Everything scientists already know about mosquitoes suggests that eliminating Anopheles gambiae won’t majorly impact the ecosystem. Anopheles gambiae seems to make up only a small percentage of the diet for animals that eat it, and only a small percentage of the pollination for plants that rely on it, says Mamadou Coulibaly, a malaria researcher at the University of Bamako in Mali who has worked with Target Malaria on other studies. Still, he hopes this study will help people better understand and accept the work of Target Malaria. “We cannot take anything for granted,” he says, especially when working with such potentially powerful technology.

Target Malaria is careful to say its goal isn’t to eliminate all mosquitoes or even all malaria mosquitoes. Its goal is to eliminate malaria—and it is possible that simply suppressing Anopheles gambiae numbers is enough to break the cycle of transmission. Wiping entire mosquito species off the face of the Earth would be much harder, and maybe even a touch delusional.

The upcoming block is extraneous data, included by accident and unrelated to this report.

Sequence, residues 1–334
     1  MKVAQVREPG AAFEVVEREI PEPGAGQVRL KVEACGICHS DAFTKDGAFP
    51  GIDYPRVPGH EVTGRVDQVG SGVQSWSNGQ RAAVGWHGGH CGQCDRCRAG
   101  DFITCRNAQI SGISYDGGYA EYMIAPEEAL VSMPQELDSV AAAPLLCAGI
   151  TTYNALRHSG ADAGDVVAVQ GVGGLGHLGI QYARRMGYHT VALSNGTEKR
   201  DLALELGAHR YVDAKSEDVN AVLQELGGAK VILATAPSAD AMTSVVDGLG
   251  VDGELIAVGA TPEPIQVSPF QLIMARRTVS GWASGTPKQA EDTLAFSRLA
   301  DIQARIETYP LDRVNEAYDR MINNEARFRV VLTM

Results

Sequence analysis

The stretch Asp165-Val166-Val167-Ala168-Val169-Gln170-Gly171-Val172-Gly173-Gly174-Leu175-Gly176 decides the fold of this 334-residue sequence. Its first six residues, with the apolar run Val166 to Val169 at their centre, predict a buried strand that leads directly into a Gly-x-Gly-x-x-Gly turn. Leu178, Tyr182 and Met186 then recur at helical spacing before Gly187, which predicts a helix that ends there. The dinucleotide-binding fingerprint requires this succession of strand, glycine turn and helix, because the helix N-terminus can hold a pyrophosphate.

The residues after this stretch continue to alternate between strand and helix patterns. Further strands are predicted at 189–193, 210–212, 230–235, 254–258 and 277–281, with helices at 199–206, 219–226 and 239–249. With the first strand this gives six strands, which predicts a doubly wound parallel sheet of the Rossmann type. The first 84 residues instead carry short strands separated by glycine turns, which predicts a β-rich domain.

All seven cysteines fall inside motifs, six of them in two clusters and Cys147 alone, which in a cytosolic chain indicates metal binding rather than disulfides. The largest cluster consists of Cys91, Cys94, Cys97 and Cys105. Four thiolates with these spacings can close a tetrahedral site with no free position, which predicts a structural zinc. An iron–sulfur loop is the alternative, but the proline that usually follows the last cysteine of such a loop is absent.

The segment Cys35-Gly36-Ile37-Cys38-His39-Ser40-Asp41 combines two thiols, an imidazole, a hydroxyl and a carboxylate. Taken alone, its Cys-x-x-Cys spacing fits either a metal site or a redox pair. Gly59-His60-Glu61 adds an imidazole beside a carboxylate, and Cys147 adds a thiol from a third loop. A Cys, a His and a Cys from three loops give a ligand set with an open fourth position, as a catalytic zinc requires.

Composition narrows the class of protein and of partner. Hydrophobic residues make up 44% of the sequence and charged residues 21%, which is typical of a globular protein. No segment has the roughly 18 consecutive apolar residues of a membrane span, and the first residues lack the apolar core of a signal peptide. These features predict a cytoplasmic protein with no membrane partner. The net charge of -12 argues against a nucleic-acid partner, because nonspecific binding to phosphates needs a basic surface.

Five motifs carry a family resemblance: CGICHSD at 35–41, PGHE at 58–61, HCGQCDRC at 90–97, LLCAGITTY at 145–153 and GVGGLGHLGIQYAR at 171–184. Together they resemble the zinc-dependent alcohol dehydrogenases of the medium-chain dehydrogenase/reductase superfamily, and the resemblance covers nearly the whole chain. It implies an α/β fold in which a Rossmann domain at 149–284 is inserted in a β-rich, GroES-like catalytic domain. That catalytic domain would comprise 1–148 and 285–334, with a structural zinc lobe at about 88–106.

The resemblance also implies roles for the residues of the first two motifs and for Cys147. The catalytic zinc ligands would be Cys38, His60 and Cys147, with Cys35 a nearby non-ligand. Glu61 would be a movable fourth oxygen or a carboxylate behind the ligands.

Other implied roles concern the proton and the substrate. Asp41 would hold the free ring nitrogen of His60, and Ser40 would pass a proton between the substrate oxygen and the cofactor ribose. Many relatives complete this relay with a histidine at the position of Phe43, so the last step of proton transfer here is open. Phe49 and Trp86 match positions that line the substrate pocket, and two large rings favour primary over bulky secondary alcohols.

Yet mosquitoes really don’t have many defenders, even among the scientists who know them most intimately. The idea of eradicating mosquitoes to stop malaria doesn’t particularly bother Steven Juliano, a mosquito-ecology researcher at Illinois State University. “It might be worth losing one species,” he says. “It might be worth it because the burden of human suffering is pretty high.”